One of the many treats on my trip to London was the chance to set foot in a couple of publishers' archives. More of my mesmeric staring at the green and very pleasant land that was the shelves at Virago soon (yes really, ALL the modern classics) and my sincere thanks to Faber for the chance to peek into their new premises alongside the British Museum (and incidentally overlooking my lovely old nurse's home in Bedford Place.) It was lovely to meet Gemma who so kindly sorts out Faber reading copies for me and prize draw copies for you and to meet all the office staff upstairs, along with archivist Robert downstairs working in amongst all that history.
Faber also have an online archive which you can access here
I think if you've been reading for any number of years you know Faber covers by a sort of invisible osmotic process, they seem to me a prime example of marketing that filters in and stays put without you really noticing and that's all been enhanced this year by two things.
That sounds like a bit of a sad demise but for many years the kitchen diary and its holy place on the worktop has been one of the most important of books in the house and even with fewer of us living here we still all need and use it.
I have been amazed through the year as I turn the page to a new week to find a book jacket I know and a week's thinking about it has then ensued every time I go near it write things like 'hair 11am' or 'septic tank emptying 3pm' or 'airport 4am'...that last is the Kayaker and thankfully involves Bookhound not me, as does the septic tank appointment, I'll stick with hair.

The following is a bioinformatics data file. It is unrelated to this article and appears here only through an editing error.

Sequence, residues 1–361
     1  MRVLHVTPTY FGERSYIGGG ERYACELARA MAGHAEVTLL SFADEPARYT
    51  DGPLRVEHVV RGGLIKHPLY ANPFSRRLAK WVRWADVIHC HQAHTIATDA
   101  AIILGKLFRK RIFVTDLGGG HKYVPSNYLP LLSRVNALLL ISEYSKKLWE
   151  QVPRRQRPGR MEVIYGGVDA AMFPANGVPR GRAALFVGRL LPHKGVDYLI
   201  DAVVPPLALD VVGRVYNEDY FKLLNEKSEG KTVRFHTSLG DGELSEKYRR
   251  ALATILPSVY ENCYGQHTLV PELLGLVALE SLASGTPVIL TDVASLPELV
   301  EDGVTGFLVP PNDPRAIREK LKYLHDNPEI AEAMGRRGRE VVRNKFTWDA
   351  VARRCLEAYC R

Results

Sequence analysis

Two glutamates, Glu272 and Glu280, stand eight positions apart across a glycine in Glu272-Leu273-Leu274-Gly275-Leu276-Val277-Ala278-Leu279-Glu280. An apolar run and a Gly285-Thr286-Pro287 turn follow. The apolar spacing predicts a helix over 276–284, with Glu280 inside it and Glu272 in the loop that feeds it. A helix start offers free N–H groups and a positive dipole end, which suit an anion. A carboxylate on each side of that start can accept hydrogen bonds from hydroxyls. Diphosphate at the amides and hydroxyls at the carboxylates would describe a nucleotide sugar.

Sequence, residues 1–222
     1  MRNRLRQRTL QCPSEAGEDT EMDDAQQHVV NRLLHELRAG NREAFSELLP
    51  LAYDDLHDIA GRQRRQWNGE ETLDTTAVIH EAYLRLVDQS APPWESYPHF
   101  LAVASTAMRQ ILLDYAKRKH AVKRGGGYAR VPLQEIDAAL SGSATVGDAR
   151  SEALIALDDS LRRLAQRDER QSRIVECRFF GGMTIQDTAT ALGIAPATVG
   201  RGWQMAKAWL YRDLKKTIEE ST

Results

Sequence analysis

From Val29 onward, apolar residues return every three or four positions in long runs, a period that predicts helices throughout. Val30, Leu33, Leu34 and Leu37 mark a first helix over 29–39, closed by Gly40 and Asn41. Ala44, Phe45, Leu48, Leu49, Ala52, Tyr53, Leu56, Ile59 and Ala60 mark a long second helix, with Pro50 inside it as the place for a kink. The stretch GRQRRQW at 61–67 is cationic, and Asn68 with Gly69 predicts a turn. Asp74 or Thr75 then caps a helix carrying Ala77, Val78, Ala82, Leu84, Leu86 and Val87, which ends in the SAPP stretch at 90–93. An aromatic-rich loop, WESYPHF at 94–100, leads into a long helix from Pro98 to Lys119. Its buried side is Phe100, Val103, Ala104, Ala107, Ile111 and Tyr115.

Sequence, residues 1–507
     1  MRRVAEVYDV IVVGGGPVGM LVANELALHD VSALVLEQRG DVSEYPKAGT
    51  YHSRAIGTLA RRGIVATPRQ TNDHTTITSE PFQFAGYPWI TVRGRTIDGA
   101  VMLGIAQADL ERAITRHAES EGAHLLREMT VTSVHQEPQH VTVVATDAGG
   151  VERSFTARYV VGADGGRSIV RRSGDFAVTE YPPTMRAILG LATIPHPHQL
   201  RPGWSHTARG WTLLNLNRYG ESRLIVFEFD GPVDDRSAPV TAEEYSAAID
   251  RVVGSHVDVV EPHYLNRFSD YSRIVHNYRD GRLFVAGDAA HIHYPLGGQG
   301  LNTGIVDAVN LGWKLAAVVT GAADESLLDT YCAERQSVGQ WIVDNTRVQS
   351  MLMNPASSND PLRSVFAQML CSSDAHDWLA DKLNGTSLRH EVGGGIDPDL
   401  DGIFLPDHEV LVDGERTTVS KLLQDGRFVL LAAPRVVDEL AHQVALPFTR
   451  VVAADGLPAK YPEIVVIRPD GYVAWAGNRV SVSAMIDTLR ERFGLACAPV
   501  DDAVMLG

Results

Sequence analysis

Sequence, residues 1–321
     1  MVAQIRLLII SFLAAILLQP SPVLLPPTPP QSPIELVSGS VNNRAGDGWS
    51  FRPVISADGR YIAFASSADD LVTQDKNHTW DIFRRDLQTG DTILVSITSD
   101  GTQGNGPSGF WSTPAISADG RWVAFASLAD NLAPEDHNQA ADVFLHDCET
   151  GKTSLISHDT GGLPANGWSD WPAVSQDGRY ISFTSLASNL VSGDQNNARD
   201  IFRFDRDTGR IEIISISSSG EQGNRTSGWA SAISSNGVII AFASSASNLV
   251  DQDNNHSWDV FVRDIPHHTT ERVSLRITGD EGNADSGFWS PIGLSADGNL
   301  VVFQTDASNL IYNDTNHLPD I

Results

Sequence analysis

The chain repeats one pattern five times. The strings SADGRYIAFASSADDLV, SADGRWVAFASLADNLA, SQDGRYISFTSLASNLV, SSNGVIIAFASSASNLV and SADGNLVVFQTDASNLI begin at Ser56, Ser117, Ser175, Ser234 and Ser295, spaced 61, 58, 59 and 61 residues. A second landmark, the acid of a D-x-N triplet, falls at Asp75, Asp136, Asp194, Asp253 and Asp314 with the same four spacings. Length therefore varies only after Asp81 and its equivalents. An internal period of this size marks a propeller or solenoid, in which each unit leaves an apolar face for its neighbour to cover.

But I have also been subliminally absorbing the covers in the Book Room where I have been test running Faber and Faber Eighty Years of Book Design by Joseph Connolly. Now it wasn't until I took this picture that I realised how clever the actual cover design of this book is, you somehow don't see it when it's there in front of you and nor does the picture give the idea that the book measures 11 inches x 8 and a half inches (sorry no metric here).
It has sat on the side all year and every day, as I walk in the room, I turn over to the next page so it's been a year full of Faber surprises in the Book Room as well as the kitchen.
Joseph Connolly likens his time spent researching the book in the Faber archive as akin to a 'kid in a sweetshop' and having been there I'd upgrade that to 'chocolate factory with vat loads of luxury centres' plus I stood in front of the picture of Ted Hughes on the wall and worshiped and touched (yes touched) the copy of Birthday Letters on the shelf. I don't care what anyone says about Ted, everyone rushes to add all the bad bits but how on earth can there be any doubt that he deserves to be commemorated in Poet's Corner?
We shouldn't even need a debate about that.
So along the way, book-room testing my tome I've learned little snippets too.
There never was another Faber. Just the one, Geoffrey who pursued a career in publishing after his pregnant wife Enid discovered that living in close proximity to the family brewing business was 'too disgusting for words'.
Along came T.S.Eliot to help. He stayed for the next forty years and personally I think he made quite a useful contribution...